A man and woman meet, go on a few dates, have sex, but then decide they are incompatible. She gets pregnant from this brief relationship and decides to move to a different state to pursue a college education so she can better care for the child, whom he says he has no interest in. Now, the child is born and the man marries someone else. Oh, and then he decides to sue for custody, claiming she stole his child by leaving California while pregnant.
A New York court has agreed, and has allowed him to have the child.
This nightmare scenario has played out in the case of Sarah McKenna, who briefly dated and got pregnant by Bode Miller, an Olympic skier. Miller began dating someone else, whom he married, and a few months into the pregnancy McKenna chose to leave California and move to New York to go to college with her GI Bill, the New York Times reports. Miller decided to file for paternity and custody in California, and a New York judge declared that the California legal filings superseded McKenna’s filing for custody of her own child in New York. The infant was taken from McKenna and given to Miller and his wife, instead.
According to the New York family court, McKenna’s “appropriation of the child while in utero was irresponsible, reprehensible.” However, that leads to the logical question: what other options would that leave a pregnant person?
The precedent set by the family court’s ruling are both undeniable and disturbing for those who support women’s rights. In essence, the court is arguing that once a person is pregnant, she no longer has any right to make any decision about her own future, even if it will affect the future of the child, without the consent of the person who got her pregnant. That rule would apply even in cases where the father of the child no longer has a relationship with the person who is carrying it. It would provide the person who got her pregnant with unlimited control, with her unable to take a new job, return home to a family for assistance, or make any other life change involving a different state even if those changes would be in the best interest of her and the baby.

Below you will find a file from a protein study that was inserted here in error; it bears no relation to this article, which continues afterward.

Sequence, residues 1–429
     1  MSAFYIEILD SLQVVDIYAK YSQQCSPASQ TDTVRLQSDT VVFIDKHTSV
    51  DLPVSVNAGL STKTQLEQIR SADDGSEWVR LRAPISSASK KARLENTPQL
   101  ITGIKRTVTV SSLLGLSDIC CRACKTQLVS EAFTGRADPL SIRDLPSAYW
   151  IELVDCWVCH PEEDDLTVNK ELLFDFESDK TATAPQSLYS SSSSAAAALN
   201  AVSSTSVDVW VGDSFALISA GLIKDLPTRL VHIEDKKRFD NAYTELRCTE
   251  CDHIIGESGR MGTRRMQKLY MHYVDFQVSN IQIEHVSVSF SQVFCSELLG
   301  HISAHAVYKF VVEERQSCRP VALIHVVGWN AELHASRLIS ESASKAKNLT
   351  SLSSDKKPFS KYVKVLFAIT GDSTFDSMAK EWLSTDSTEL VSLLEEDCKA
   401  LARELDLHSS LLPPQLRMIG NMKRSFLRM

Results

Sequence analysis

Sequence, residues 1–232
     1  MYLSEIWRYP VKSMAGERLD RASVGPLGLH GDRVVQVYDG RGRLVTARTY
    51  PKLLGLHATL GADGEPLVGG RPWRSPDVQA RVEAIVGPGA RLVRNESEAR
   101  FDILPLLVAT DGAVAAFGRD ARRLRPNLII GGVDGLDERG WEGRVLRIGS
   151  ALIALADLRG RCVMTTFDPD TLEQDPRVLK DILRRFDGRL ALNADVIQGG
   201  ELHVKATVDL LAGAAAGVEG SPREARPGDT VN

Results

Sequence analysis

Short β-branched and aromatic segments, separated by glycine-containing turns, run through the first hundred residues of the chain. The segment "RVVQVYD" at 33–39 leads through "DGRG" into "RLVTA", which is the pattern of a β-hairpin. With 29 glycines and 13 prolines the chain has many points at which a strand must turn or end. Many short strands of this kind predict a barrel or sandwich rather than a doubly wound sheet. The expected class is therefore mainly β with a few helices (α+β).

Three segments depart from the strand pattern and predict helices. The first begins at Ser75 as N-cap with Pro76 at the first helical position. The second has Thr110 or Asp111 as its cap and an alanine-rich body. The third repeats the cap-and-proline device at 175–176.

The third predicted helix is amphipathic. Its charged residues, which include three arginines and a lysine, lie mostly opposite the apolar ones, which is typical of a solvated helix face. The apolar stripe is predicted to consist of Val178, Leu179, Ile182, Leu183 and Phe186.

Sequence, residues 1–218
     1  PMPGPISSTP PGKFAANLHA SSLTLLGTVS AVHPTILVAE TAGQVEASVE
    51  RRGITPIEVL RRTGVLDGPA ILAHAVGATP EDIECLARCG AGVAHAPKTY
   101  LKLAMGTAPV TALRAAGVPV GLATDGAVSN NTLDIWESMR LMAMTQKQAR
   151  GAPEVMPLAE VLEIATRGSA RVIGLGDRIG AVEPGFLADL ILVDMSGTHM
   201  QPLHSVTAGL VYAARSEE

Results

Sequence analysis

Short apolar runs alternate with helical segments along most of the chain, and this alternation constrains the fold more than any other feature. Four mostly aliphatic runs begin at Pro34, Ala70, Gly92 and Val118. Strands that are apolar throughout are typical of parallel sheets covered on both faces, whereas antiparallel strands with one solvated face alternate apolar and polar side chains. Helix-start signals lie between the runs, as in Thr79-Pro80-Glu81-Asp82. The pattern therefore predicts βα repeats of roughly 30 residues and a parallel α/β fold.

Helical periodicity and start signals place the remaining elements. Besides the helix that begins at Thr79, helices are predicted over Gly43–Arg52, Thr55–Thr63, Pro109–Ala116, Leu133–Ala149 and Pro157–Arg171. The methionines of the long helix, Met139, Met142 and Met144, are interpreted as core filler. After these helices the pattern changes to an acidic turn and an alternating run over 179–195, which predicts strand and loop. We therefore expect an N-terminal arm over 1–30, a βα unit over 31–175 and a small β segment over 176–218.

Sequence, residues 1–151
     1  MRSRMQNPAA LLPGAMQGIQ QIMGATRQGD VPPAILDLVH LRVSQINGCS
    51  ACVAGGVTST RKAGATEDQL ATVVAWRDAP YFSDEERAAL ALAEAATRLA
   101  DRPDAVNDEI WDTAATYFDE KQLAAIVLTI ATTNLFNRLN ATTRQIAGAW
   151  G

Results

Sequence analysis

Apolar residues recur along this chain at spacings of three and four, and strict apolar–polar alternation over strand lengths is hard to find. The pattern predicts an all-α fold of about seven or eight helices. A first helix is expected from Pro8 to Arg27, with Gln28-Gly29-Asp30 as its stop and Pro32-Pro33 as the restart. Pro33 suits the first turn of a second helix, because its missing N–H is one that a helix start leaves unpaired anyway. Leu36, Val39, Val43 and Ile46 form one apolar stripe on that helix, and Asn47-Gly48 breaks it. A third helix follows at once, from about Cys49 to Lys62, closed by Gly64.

Should the ruling stand, the courts would literally be saying that once you are pregnant, you have lost the ability to make life decisions without the consent of the person who impregnated you. The idea is terrifying to anyone who believes in personal rights and autonomy.
News reports state that Miller originally wanted McKenna to get an abortion, which she refused to do. Yet abortion is one reason why even those who consider themselves pro-life should be up at arms over this case. For McKenna, the simplest way to remove Miller’s ability to control her — and, apparently, put her tens of thousands of dollars into debt with legal bills – would have been simply not to have continued the pregnancy. With high profile cases like this, more women and teens when faced with an unplanned pregnancy with a partner they have no intention of having an ongoing relationship with will see the hardship that can come with being forced to keep the father of their child in their life in some form.
A review of the case on appeal has Miller and McKenna back in front of New York judges, now, and McKenna has been given temporary custody of her son while the couple try to mediate a real custody and mediation plan. Regardless of how this case turns out in the end, however, some serious damage has already occurred that cannot be as easily reversed. The entire incident has exposed the faction of family court judges who truly believe that a father’s rights need to be so protected that a pregnant woman should lose her own liberties in order to keep his intact. They believe that once pregnancy begins, the rights of the fetus and, more importantly, those of the fetus’ father should always come before the woman carrying it.
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